The FT has two articles today that suggest that the penny is dropping at there that cash flow is king, and that the pile of corporate debt being taken on by business as a result of the coronavirus pandemic may cause massive business problems for a long time to come.
As the Lex column noted, commenting on the UK situation:
A return to full UK lockdown aims to save lives. The inevitable consequence will be an increase in business collapses. Britain’s smaller businesses are most exposed. Many have only survived thanks to government support. A new £4.6bn support package announced by chancellor Rishi Sunak will do little to stem casualties.
The new measures are a drop in the ocean compared with the £200bn of aid that has already been taken up by UK business. Government-backed loans and VAT deferrals are increasingly at risk of never being repaid. Businesses able to continue will carry burdens that stifle investment, slowing recovery.
I have been saying this since last March, when it was obvious that this risk existed. Finally, they have noticed.
The same issue is being noted in the USA, apparently. Another article notes that:
While stimulus measures and borrowed money could help keep companies stay afloat, it would not secure their futures if they struggled to return to profitability, [debt specialist Howard] Marks said. “Even borrowers that eventually are profitable may find themselves over-levered after the pandemic and struggle to service their debt,” he said.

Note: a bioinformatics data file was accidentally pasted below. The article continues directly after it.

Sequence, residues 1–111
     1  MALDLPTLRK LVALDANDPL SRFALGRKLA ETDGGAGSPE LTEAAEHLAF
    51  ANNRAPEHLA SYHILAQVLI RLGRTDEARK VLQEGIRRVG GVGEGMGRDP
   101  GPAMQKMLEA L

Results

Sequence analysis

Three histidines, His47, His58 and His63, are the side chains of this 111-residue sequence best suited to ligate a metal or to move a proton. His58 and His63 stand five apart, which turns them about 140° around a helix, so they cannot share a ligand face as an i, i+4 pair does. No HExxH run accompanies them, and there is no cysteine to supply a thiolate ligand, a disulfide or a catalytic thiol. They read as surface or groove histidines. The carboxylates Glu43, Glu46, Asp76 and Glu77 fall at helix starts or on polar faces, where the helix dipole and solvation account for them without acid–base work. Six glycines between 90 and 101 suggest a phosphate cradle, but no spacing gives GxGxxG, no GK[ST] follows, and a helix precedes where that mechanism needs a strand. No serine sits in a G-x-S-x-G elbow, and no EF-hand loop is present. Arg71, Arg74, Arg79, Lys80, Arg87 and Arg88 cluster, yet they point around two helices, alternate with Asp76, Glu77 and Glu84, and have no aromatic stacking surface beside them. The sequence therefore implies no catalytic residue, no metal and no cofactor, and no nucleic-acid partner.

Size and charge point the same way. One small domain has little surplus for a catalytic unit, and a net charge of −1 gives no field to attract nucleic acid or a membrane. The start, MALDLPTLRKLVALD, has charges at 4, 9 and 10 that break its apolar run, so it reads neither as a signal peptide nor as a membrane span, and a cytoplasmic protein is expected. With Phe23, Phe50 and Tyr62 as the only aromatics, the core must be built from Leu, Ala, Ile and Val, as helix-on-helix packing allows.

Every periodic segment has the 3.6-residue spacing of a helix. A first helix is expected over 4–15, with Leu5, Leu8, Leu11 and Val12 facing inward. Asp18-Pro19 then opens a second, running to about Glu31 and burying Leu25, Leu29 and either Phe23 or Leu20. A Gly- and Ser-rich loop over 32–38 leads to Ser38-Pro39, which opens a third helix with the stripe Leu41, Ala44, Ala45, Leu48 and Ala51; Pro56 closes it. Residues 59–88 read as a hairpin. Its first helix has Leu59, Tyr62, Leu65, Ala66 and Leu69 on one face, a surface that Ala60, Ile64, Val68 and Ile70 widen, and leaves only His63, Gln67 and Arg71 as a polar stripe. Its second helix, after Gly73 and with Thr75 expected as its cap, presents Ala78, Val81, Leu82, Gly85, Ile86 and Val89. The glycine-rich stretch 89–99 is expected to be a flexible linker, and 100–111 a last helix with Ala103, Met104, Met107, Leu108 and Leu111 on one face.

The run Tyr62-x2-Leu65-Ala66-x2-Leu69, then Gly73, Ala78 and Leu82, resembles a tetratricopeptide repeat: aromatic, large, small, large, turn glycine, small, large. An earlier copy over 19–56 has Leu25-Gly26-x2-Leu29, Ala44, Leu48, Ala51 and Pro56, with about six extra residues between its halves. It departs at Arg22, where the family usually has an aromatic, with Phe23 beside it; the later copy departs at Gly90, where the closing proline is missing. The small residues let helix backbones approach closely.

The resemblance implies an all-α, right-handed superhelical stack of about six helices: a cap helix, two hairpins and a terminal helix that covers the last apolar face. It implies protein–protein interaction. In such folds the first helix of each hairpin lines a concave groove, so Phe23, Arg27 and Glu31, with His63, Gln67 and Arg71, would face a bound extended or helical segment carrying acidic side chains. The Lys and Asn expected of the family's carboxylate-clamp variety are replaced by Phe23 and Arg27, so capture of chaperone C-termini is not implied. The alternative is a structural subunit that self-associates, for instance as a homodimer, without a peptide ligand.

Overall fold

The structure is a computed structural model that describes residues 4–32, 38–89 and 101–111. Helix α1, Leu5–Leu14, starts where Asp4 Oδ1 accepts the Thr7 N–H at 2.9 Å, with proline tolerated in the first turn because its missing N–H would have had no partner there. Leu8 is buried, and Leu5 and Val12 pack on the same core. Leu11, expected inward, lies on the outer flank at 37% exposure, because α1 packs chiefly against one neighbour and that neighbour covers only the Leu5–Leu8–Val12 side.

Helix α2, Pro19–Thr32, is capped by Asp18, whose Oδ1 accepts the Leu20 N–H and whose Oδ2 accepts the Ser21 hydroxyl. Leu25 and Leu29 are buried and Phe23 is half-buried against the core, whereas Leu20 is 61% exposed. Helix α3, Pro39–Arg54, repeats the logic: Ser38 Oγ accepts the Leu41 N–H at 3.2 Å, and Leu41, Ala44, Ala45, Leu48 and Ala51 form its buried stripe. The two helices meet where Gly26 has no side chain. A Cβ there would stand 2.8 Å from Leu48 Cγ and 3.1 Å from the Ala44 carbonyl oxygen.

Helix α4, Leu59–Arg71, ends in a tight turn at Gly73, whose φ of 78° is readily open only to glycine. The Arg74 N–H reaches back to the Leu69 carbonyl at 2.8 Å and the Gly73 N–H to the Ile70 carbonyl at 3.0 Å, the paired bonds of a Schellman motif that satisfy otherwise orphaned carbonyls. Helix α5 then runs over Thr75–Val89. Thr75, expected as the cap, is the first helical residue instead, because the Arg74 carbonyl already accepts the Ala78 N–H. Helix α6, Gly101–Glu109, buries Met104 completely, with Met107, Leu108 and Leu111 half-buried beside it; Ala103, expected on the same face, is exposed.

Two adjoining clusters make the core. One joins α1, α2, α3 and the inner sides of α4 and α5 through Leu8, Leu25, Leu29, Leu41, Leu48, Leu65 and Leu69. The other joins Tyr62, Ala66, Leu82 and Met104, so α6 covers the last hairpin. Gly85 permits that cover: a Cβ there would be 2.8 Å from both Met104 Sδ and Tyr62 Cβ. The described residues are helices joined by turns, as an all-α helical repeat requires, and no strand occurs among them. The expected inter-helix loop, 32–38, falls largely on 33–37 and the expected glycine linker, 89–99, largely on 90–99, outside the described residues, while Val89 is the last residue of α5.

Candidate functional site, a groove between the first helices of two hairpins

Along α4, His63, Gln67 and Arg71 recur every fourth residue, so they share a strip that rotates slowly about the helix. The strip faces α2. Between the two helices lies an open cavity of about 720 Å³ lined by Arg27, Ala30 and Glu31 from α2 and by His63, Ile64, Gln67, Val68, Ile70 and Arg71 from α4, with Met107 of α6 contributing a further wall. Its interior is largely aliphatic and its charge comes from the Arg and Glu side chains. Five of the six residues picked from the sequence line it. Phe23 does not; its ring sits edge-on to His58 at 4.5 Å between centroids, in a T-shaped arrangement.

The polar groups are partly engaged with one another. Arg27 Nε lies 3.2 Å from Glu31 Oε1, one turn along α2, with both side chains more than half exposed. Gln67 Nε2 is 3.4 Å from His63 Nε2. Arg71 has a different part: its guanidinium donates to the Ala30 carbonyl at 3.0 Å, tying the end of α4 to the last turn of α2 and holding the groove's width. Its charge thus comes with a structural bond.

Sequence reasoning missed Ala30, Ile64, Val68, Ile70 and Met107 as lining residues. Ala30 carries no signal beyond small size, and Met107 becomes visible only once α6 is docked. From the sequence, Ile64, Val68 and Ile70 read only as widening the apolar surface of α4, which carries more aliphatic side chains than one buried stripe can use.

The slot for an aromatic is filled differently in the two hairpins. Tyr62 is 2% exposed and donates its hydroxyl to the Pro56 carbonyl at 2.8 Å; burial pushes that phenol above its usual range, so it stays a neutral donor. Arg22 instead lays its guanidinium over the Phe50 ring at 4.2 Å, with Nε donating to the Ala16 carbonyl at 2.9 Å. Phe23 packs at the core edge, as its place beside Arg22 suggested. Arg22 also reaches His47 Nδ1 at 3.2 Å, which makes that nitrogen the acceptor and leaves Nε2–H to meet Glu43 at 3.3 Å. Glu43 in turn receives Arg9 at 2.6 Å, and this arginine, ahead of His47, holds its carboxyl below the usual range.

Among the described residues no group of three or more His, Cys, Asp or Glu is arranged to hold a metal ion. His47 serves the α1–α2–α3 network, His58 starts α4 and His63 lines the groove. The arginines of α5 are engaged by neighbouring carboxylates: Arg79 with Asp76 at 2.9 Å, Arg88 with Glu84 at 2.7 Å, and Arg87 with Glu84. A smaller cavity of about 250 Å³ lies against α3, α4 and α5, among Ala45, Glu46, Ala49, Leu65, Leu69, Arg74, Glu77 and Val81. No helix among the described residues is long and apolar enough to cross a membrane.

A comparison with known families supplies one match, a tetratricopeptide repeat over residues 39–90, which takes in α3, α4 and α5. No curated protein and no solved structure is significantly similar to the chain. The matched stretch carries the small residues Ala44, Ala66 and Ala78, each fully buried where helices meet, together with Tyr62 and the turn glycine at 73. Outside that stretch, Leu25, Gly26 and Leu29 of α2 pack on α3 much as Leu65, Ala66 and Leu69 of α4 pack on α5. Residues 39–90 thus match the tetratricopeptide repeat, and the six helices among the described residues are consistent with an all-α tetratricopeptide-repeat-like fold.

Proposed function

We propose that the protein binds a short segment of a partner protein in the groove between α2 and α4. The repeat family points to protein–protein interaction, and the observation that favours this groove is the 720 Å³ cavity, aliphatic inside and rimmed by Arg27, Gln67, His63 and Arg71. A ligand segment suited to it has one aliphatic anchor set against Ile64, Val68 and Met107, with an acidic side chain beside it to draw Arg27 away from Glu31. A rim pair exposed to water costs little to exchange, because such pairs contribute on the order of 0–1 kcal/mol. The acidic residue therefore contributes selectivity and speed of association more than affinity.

He's right, and he was talking about the large corporate sector: it makes no difference because loans that fund losses crush the capacity to invest. This is why I have for so long during this crisis been calling for capital investment and not loan provision.
And what's the outcome? Try this from the World Bank, also noted in the FT this afternoon:
Even before coronavirus hit, global growth had been expected to slow over the next decade, due to under-investment and shrinking labour forces in advanced economies. The pandemic is likely to worsen this slowdown, doing lasting damage to health, education and corporate balance sheets, the World Bank said.
Without comprehensive reforms “if history is any guide, the global economy is heading for a decade of growth disappointments”, it said.
It's possible that they might be over-optimistic.
The world is awash with money, but none of its owners want to assume any risk, from government onwards. Such is the nature of modern capitalism: everyone else has to assume the downside bar the capitalist. The poverty within that thinking is coming home to roost.